COMMUNITY · June 29th, 2021
More Than Just Rainbows: 5 Ways to Support LGBTQ+ Justice & Equity
In 1969, after years of police raids and unjust arrests at the Stonewall Inn, a gay club in New York City, patrons stood their ground. Led by pioneers like Marsha P. Johnson and Sylvia Rivera, the moment marked the beginning of the LGBTQ+ rights movement that evolved into the Pride celebrations held around the world today.
The events following Stonewall remind us that Pride isn’t just about celebrations. In the U.S. and around the world, gay, lesbian, and transgender people are still denied equal rights and even persecuted for their sexuality or gender identity. While our society continues to make progress, there’s still so much work to be done.
As we look for ways to take action on Pride, below are 5 organizations leading the fight for equality and positive change – and how you can support them.
1. Donate to The Trevor Project to support at-risk LGBTQ+ youth.
The Trevor Project provides crisis intervention and suicide prevention services to LGBTQ+ teens and young adults under 25. Shortly after the release of the short film TREVOR, the organization was launched, which shed light on a national crisis and won an Academy Award in 1995.
Since then, thousands of young people have used The Trevor Project’s resources, including Trevor Lifeline, TrevorChat, TrevorSpace, and Trevor Education Workshops.
You can support The Trevor Project here and help give LGBTQ+ young people free and confidential crisis counseling.
2. Volunteer with the Human Rights Campaign to strengthen equality.
The Human Rights Campaign (HRC) works to give LGBTQ people the freedom to live their truth without fear and with equality under the law. Since 1980, they’ve led the way in fighting for LGBTQ+ equality and inclusion.
With more than 3 million members, HRC supporters work together to fight discrimination and stop attacks against the LGBTQ community.
Their work centers on three pillars of action:
- MOBILIZE: Mobilizing Equality Voters nationwide
- EDUCATE: Educating the public & community about LGBTQ issues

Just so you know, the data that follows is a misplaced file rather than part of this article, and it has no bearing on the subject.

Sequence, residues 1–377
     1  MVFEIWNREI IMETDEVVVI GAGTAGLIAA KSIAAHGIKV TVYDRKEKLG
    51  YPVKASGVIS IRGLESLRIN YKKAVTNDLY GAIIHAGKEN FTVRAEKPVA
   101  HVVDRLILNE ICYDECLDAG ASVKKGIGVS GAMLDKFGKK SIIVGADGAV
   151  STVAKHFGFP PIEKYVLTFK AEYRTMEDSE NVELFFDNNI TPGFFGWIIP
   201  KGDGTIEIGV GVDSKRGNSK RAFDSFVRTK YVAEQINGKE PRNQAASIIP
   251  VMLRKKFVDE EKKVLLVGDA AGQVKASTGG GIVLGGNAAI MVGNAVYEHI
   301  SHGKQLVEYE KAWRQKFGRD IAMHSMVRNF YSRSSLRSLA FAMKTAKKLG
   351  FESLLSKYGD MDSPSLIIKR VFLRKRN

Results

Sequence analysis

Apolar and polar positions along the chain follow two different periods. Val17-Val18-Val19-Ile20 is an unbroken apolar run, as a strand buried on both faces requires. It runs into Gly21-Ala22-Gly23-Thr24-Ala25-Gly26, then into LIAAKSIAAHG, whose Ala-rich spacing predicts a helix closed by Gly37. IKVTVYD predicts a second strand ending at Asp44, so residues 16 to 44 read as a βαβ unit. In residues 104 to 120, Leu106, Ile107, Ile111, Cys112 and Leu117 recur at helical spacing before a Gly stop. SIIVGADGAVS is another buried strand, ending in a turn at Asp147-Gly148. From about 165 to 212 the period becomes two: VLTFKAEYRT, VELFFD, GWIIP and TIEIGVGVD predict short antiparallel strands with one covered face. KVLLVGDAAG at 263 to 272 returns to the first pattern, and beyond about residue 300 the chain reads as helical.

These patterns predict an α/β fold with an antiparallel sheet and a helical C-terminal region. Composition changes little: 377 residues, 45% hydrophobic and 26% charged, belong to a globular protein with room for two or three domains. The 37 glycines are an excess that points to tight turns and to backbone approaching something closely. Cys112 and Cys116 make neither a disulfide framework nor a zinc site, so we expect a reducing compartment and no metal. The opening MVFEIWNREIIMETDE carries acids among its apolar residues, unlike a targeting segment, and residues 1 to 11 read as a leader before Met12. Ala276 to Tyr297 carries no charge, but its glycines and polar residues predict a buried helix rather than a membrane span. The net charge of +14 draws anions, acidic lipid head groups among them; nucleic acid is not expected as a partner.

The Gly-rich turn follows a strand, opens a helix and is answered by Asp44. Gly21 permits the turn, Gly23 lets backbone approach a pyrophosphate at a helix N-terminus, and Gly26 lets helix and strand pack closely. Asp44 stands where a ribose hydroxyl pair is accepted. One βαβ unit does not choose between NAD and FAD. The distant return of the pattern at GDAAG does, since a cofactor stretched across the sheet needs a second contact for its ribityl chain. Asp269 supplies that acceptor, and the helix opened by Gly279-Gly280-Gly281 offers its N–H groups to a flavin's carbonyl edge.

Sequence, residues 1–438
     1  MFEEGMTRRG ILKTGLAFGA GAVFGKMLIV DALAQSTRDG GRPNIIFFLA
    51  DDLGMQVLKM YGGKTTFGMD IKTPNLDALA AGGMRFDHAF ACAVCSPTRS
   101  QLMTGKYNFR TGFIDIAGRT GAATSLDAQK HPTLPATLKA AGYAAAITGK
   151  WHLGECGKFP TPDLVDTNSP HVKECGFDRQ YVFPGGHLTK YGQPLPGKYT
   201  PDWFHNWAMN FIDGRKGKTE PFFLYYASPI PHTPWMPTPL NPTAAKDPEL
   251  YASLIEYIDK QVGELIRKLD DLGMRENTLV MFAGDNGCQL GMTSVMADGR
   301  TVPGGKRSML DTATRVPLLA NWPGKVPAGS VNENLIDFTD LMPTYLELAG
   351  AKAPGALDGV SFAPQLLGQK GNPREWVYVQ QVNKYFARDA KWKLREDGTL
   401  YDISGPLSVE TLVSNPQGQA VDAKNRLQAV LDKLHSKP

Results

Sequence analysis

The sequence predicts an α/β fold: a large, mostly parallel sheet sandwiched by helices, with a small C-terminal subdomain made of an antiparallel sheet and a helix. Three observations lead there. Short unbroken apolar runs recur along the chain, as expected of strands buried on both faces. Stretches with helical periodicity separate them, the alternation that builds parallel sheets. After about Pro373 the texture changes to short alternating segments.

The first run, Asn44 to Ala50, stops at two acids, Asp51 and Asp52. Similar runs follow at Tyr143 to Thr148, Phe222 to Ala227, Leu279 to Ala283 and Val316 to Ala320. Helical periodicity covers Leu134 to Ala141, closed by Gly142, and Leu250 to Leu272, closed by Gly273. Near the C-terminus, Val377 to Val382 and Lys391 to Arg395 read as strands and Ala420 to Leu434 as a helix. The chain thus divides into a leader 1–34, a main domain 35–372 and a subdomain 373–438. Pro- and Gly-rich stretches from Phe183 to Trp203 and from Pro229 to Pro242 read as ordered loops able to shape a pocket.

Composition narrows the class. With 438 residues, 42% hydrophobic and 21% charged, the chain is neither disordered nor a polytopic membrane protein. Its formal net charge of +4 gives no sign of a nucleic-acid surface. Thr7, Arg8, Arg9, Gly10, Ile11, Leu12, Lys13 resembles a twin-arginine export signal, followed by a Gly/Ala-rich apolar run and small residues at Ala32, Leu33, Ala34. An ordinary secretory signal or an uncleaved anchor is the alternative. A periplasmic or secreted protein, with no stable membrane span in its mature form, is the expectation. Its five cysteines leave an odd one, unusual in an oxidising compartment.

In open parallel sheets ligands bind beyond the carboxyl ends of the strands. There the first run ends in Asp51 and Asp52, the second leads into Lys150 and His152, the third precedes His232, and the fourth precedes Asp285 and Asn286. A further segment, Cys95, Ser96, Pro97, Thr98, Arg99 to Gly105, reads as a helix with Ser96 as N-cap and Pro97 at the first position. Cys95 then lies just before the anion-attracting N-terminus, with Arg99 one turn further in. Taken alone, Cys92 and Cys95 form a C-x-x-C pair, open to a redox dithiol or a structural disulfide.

- ADVOCATE: Advancing pro-equality policy & litigation
Virtual volunteers can donate their time through online opportunities with HRC. Click here to learn more.
3. Find a PFLAG Chapter to support LGBTQ+ family members.
PFLAG is the country’s largest organization uniting parents, families, and allies with people who are LGBTQ+ and was founded in 1973 after a mother openly marched with her gay son.
When Jeanne Manford was marching with her son Morty in New York’s Christopher Street Liberation Day March, many gay and lesbian people asked if she would talk to their parents. Jeanne decided to start a support group and held her first formal meeting in March 1973.
PFLAG’s mission is to build on a foundation of loving families united with LGBTQ+ people and allies, and to educate our communities “to speak up as advocates until all hearts and minds respect, value, and affirm LGBTQ people.”
With over 400 chapters and 200,000 members across the U.S., PFLAG is committed to creating a world where diversity is celebrated, and all people are respected, valued, and affirmed.
Click here to find a PFLAG chapter near you.
4. Support the National Queer and Trans Therapists of Color Network to connect more QTPoc with mental health care.
The National Queer and Trans Therapists of Color Network (NQTTCN) includes a directory of therapists and counselors for queer and trans people of color (QTPoC). Their overall goal is to increase access to mental health resources for QTPoC.
Erica Woodland launched NQTTCN in 2016 to erase the realities that QTPoC practitioners face, including isolation, racism, and queer and transphobia.
“As survivors of historical, intergenerational, state, community, familial and interpersonal violence, we believe we have the power to transform the trauma and harm that has impacted our individual and collective well-being.”
Explore the QTPOC Mental Health Practitioner Directory to find a practitioner near you.
5. Join PrideVMC to support the LGBTQ+ veterinary community.
PrideVMC strives to create a better world for the LGBTQ+ veterinary community through education, advocacy, leadership development, and mentorship.
Having started as the Association for Gay Veterinarians (AGV) in 1977, the organization’s name changed to Pride Veterinary Medical Community (PrideVMC) in 2018 to provide an umbrella to the different sexualities, gender presentations, and gender identities.
PrideVMC’s vision is for “one in which everyone in our profession and beyond can live to their full potential, both personally and professionally, conduct their lives openly and with integrity, and freely share their experience and wisdom for the betterment of and care for ourselves, our profession, our clients and all animals.”